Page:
How concerning is US political gridlock?
Agenda, World Economic Forum
Harvard University Distinguished Service Professor and former Dean of the Harvard's Kennedy School of Government, Joseph Nye, highlights the growing ideological gap between US elected representatives who are becoming more partisan in their decision and policy-making, and ordinary citizens who want policy decisions based less on partisanship.
This is correlated with a significant decline in citizen trust and public confidence in government in recent years, but the author argues the situation should not be seen as dire.
He argues US Congress continues to pass major legislation. He further argues that the US government was designed to be inefficient in order to ensure that it could not easily threaten the liberty of its citizens.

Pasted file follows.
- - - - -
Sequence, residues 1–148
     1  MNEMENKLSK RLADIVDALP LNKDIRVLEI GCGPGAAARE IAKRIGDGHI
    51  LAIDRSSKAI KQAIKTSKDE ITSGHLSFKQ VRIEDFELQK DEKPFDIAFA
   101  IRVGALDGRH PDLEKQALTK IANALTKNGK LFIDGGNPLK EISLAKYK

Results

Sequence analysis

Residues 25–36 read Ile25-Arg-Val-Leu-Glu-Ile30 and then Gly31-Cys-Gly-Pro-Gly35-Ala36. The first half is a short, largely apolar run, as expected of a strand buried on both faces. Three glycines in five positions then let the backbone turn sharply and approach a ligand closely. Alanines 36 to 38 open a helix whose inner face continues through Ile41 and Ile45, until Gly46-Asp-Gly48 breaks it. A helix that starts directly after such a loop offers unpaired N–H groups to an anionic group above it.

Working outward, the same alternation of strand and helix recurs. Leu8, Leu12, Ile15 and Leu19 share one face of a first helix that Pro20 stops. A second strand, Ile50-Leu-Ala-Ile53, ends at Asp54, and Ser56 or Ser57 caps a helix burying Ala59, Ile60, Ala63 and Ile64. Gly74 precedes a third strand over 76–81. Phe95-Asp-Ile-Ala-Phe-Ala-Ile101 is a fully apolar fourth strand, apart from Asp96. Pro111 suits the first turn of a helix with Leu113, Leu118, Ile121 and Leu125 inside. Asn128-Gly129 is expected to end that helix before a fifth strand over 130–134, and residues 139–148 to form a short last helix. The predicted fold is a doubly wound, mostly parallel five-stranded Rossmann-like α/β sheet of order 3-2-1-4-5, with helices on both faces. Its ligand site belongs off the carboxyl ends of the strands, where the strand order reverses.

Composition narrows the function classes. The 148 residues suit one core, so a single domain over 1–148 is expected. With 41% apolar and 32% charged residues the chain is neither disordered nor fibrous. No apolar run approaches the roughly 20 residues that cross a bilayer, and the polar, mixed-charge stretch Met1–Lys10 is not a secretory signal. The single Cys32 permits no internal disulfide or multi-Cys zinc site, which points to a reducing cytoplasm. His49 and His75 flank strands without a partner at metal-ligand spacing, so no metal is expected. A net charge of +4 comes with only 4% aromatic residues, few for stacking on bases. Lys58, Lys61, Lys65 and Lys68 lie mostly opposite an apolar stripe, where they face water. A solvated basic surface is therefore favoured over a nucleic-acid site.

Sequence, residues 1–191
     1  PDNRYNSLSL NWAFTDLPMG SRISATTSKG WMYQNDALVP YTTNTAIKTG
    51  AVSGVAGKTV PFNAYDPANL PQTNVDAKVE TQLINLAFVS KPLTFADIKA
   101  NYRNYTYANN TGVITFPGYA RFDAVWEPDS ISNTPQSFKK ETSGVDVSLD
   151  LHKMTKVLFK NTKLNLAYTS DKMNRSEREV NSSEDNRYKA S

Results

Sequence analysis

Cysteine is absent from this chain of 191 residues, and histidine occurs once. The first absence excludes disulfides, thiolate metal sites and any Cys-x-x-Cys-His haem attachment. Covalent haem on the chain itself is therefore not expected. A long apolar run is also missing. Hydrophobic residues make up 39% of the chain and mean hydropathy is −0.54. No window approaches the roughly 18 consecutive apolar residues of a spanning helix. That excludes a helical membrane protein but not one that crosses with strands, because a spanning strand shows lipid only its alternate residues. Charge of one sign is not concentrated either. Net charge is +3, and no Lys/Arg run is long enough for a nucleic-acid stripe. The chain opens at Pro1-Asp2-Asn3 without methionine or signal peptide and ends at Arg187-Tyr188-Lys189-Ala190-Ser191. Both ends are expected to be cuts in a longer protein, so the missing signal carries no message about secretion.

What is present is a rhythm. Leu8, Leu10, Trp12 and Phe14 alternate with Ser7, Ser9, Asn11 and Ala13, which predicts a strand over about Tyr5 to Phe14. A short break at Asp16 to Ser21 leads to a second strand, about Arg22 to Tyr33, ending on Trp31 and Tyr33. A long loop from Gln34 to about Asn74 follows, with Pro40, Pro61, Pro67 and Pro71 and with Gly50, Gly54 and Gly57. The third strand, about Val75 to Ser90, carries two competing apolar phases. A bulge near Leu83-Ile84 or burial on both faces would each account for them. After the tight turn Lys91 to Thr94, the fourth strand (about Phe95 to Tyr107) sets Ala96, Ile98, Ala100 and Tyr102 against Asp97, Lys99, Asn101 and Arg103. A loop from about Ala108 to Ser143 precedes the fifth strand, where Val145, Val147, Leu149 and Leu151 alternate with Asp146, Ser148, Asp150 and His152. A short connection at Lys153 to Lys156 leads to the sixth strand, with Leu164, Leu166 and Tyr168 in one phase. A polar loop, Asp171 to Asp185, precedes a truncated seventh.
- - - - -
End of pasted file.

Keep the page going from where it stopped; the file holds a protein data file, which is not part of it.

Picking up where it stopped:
More than 80% of Americans still think the US is the best place to live and 90% like their system of government, he says. He argues that the loss of confidence in government is being mirrored in the loss of public confidence in many large-scale institutions, which itself may be a function of growing individualism in contemporary society.
Thumbnail image: Joseph Nye. By Chatham House/Flickr.